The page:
Williams sisters' biopic takes Hollywood on a conservative turn

Conservatives kvetch about Hollywood’s liberal messaging, and they often have a point.

Movies and TV shows promote unfettered immigration (Netflix’s “Living Undocumented”), President TrumpDonald TrumpBaldwin calls Trump criticism following 'Rust' shooting 'surreal' Haley hits the stump in South Carolina Mary Trump files to dismiss Trump's lawsuit over NYT tax story MORE’s alleged sins (Showtime’s “The Comey Rule”), and climate change horror stories (every third post-apocalyptic yarn, like Tom Hanks’ Apple TV+ original, “Finch”). The last season of “Brooklyn Nine-Nine,” a previously benign cop comedy, became a BLM treatise following George Floyd’s death.

Yet “King Richard” offers something starkly conservative.

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The November release captures the meteoric rise of Venus Williams, the Compton girl who bullied past societal expectations to change the sport she adored. Her younger sister, Serena, did the same just a short while later.

The title character, Richard Williams, is given life by Oscar-nominee Will Smith. The erstwhile Fresh Prince establishes the patriarch’s flaws and his unshakable faith in his daughters’ talent.

The buzz behind “King Richard” reminds us of America's racist past and, more importantly, how Venus and Serena Williams shattered boundaries by dominating women's tennis for more than a decade.

None of that is wrong, and both elements are featured proudly in the film.

What's equally clear, but will get far less attention, is that “King Richard” could be the most profoundly conservative movie of the year. The story of a man with a plan for his golden-girl daughters plays out as if Jordan Peterson and Ben Shapiro had pounded out the script after reading "Atlas Shrugged."

Venus and Serena Williams are never victims. Their daddy won’t allow it. They’re strong, proud and laser-focused on greatness. It’s the American dream times two, and “King Richard” captures it with flag-waving joy.

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The sisters stand at the heart of the film, but it’s how Richard molded their success that demands our attention. He took his daughters to a hardscrabble tennis court near their home, day in and day out, to practice until they absorbed every lesson he had to offer.

They played in the rain, in the blazing sun, and they never ducked homework to do it. He pushed them — hard — but he did so with love and compassion. He made sure their mental strength rivalled their on-court skills.

That combination made them invincible, which tennis fans watched with awe once they officially entered the sport.

The Williams family had every opportunity to cry “racism” and demand preferential treatment in the lily-white tennis world. Instead, Richard Williams made sure his girls could fend off insults and quiet indignities en route to tennis glory.

The elder Williams grew up in a racist South, and the punishments he absorbed early in life never left his memory. He still embraced several white tennis collaborators, ignoring the color of their skin. His only qualifier: Who could help his daughters reach the top.

His daughters similarly embraced his color-blind view without ignoring the remnants of racism they still saw around them.

Papa Williams stood as an empowering figure and role model. He weaponized his growing clout in tennis to protect and prepare his girls for life under the microscope.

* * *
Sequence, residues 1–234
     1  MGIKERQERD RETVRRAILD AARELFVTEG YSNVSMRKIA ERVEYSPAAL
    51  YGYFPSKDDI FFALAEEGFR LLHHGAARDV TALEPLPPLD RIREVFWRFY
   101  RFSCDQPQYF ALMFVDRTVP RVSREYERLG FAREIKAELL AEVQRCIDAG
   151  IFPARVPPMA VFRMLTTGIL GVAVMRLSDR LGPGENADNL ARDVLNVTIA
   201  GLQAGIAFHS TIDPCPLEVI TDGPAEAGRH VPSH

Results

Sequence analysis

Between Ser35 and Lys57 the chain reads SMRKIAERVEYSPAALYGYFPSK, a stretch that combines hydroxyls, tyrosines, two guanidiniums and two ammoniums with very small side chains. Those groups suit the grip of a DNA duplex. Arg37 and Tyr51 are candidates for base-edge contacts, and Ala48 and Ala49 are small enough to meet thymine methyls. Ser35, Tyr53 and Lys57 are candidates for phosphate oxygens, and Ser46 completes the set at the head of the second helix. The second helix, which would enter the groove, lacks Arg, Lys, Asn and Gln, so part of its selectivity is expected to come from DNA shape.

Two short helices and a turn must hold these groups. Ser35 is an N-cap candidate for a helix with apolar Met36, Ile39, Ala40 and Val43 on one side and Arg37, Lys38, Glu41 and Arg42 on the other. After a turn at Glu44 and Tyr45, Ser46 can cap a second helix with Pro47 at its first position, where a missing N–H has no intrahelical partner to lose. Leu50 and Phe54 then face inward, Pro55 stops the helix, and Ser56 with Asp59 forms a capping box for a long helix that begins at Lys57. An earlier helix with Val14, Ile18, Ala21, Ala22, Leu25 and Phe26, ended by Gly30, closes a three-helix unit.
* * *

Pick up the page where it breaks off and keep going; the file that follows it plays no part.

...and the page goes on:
Father knows best? Not always, but the Williams girls respected their father even when he made the wrong calls.

Smith’s character also dressed his daughters down when they started spouting off about their tennis skills, something any pre-teen talent might do. He wouldn’t stand for children who weren’t humble, who left God and good manners out of their success equation.

“King Richard” doesn’t ignore racism. At times, bigotry gets a long, lingering closeup. Richard Williams recoils at TV images of Rodney King getting beaten by L.A. police officers. He also stares down a pair of tennis executives guilty of nothing more than condescending kindness.

He doesn’t let any of that flavor his parental choices. Venus Williams will be a champion on her terms, and no amount of racism, be it microaggressions or something uglier, will prevent that from happening.

Family always came first in the Williams household. Even when Venus Williams stands at the cusp of stardom, Richard pulls back his beloved daughter. Being a kid is just as important as an early career start, he argued, and the results eventually proved him right.

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The essential traits Richard Williams passed down to his daughters wouldn’t be considered odd, or refreshing, 20 years ago. Maybe even 10. But today? Victimhood is the ultimate goal, something even a literal princess like Meghan MarkleMeghan MarkleWilliams sisters' biopic takes Hollywood on a conservative turn Prince Harry: 'Megxit' a misogynistic term Democrats deploy a divisive duchess to lobby on paid leave MORE embraces amidst her startling privilege. Hard work is considered white privilege. Separating people by the color of their skin is now part of the hard-left agenda.

Richard Williams is out of the limelight today. He’s nearly 80, and his magnificent work preparing his daughters for stardom is complete. He must be proud of “King Richard,” co-produced by his now-adult daughters. Here’s betting he hopes his conservative spirit isn’t lost on modern moviegoers. Who couldn’t benefit from a few royal lessons today?

"King Richard" is now playing in theaters and on HBO Max.

Christian Toto is the editor of the conservative entertainment site HollywoodInToto.com, the Right Take on Entertainment,” and host of the weekly “Right On Hollywood” podcast. He is the author of the forthcoming “Virtue Bombs: How Hollywood Got Woke and Lost Its Soul.”